Is Laser Treatment Effective on Chicken Pox Lesions?

I have two lesions on my forehead from childhood chicken pox. One is circular and 2 mm in diameter, and the other is oval shaped at 3 mm in length. I recently contacted a plastic surgeon who wanted to apply 5-7 laser treatments on the lesions with the possibility of adding some type of injection to help raise the scars. Is this an effective method?

Doctor Answers 3

Lasers on Chicken Pox Lesions

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Dear Orange452, thank you for your question.  The answer is that it depends on the depth of the scars.  More superficial scars should respond well to a single high energy fractionated CO2 laser treatment or to dermabrasion.  A series of laser treatments suggests use of a low energy fractionated laser; I have found lower energy laser treatments to be relatively ineffective in addressing scars.  If the scars are fairly deep, scar excision, followed by  fractionated CO2 laser or dermabrasion 8 weeks later would be most advisable

Fort Myers Facial Plastic Surgeon
4.9 out of 5 stars 104 reviews

Laser treatments of chicken pox scars

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Fractional co2 laser can help topographically resurface the scars. I employ the laser in combination with filler injections and pulsed dye laser. Raffy Karamanoukian Los Angeles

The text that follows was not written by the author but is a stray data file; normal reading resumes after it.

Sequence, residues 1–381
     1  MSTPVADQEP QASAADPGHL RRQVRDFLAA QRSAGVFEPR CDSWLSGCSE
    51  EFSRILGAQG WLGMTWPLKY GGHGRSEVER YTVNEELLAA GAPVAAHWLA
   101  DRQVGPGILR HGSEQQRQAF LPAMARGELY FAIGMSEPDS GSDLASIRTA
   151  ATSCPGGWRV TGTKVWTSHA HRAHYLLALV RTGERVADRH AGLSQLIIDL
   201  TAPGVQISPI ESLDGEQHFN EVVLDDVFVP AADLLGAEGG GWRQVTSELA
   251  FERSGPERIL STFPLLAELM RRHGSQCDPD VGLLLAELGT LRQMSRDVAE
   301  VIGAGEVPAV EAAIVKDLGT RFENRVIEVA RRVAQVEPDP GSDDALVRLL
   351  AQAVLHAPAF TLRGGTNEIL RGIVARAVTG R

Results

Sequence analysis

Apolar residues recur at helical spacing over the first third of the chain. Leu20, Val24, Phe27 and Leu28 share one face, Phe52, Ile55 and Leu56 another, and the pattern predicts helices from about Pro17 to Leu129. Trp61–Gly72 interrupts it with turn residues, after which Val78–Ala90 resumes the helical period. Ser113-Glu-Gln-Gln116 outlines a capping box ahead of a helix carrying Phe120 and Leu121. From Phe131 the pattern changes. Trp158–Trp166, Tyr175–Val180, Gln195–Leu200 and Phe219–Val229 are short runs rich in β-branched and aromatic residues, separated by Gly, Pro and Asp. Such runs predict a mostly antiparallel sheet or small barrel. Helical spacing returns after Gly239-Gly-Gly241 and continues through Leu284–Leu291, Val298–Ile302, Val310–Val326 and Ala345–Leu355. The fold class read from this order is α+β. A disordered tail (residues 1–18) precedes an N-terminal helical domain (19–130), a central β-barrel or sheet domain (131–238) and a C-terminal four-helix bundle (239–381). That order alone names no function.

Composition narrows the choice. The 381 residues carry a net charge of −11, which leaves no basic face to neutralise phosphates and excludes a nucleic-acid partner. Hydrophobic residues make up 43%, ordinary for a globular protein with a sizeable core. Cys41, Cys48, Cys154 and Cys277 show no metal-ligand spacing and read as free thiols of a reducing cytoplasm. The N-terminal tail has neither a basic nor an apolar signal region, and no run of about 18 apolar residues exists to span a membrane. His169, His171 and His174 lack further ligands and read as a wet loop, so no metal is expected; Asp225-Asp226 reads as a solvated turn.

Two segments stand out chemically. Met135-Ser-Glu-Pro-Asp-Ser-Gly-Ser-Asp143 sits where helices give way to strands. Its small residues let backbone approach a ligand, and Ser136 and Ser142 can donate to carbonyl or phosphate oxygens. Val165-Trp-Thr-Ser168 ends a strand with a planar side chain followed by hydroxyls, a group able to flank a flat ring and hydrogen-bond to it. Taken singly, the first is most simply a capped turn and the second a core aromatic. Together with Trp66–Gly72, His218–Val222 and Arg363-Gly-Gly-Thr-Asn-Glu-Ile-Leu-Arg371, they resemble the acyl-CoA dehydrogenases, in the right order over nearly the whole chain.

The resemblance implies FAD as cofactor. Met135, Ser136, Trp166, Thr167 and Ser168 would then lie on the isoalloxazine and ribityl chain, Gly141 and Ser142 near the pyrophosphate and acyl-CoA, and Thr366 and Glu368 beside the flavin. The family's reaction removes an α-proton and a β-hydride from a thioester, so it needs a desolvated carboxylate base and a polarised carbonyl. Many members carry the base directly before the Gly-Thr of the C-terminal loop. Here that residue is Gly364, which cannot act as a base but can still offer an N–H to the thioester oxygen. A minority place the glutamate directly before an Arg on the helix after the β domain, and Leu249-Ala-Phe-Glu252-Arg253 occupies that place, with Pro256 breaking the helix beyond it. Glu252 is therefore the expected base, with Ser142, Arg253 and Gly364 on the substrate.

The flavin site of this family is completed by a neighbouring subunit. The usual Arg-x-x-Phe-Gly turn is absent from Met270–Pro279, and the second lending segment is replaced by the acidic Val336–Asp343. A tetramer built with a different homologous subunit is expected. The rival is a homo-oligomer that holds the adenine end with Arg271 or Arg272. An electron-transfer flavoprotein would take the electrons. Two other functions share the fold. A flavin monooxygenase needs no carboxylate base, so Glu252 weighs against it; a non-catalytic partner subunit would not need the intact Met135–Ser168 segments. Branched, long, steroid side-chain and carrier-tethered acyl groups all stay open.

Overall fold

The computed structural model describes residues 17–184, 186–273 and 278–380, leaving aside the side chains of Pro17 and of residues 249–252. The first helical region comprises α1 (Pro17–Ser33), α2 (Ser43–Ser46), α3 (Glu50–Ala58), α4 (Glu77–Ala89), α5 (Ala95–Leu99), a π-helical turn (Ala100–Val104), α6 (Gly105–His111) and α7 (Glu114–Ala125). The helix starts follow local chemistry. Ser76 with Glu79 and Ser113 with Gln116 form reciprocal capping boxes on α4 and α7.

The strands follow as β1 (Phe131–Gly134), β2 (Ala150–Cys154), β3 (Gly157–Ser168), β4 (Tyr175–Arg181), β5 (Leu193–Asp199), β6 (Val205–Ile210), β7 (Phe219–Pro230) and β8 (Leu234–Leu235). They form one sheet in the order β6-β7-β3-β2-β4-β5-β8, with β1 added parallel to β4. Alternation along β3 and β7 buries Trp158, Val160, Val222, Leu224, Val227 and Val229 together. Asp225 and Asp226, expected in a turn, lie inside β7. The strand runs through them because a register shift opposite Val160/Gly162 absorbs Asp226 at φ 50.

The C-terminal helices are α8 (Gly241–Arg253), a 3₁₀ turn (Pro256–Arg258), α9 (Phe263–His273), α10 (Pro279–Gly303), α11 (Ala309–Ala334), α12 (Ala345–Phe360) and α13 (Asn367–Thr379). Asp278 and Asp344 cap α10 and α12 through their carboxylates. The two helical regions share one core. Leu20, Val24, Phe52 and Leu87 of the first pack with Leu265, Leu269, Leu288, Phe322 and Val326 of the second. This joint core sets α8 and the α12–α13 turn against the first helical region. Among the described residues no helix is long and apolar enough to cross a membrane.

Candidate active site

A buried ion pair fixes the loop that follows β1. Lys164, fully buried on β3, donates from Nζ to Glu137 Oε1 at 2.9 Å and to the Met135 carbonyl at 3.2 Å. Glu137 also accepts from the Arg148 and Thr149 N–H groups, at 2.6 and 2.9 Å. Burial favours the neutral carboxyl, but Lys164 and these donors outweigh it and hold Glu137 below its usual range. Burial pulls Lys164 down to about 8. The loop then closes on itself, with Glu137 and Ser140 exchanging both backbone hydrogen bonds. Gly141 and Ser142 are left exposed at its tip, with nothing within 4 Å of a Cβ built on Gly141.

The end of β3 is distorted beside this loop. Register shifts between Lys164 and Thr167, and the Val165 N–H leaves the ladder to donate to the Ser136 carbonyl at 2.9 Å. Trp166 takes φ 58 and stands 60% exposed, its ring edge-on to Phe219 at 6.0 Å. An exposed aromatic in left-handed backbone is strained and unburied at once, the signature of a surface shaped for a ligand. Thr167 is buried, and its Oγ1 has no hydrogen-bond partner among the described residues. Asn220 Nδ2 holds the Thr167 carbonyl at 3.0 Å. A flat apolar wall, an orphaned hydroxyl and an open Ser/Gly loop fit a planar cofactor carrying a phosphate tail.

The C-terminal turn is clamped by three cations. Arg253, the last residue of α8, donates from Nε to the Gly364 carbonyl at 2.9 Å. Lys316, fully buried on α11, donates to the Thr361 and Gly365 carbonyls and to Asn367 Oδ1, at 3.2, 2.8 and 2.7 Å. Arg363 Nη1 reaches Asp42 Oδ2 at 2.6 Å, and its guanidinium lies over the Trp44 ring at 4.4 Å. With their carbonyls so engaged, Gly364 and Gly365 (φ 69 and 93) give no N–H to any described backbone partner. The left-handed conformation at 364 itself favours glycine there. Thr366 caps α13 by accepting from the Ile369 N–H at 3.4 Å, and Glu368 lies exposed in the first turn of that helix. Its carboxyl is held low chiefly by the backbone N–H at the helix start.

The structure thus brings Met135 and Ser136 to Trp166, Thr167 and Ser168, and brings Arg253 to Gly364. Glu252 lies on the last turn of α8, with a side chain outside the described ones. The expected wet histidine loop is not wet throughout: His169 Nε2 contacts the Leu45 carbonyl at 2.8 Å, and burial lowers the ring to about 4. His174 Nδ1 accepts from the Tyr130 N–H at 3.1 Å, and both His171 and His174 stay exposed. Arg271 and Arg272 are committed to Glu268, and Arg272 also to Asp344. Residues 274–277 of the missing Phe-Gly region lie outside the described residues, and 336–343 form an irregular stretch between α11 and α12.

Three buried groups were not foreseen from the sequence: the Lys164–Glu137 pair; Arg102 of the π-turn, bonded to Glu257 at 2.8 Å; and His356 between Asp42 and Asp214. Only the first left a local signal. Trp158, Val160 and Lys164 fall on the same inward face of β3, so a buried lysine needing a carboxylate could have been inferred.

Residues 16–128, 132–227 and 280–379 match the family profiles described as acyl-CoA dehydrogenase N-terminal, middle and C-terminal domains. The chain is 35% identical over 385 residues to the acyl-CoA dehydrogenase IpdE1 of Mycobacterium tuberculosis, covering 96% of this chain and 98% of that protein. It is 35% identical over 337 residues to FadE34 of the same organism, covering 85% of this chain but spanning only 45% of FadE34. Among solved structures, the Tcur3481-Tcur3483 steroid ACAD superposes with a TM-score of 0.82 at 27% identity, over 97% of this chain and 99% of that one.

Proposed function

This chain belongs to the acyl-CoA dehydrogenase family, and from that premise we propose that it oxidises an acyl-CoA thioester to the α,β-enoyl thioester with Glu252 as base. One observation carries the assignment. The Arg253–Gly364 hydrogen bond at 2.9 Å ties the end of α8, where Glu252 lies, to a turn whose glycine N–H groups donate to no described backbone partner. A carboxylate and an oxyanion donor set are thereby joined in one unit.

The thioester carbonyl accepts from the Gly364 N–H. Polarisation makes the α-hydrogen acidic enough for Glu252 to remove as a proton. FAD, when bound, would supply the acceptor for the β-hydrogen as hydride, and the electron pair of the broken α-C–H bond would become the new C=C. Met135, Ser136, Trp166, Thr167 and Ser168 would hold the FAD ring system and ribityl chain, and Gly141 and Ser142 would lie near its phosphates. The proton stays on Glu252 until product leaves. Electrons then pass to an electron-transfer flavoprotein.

Raffy Karamanoukian, MD, FACS
Los Angeles Plastic Surgeon
4.8 out of 5 stars 95 reviews

Laser for chicken pox scars

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Lasers can absolutely help improve the appearance of chicken pox scars. The range of improvement depends on several factors, including the experience and knowledge of the physician. I would recommend seeing someone with advanced training in lasers, not just a few weekend courses, but someone who had formal training in the type of procedure you are getting. 

Omar Ibrahimi, MD, PhD
Stamford Dermatologic Surgeon
4.9 out of 5 stars 28 reviews

These answers are for educational purposes and should not be relied upon as a substitute for medical advice you may receive from your physician. If you have a medical emergency, please call 911. These answers do not constitute or initiate a patient/doctor relationship.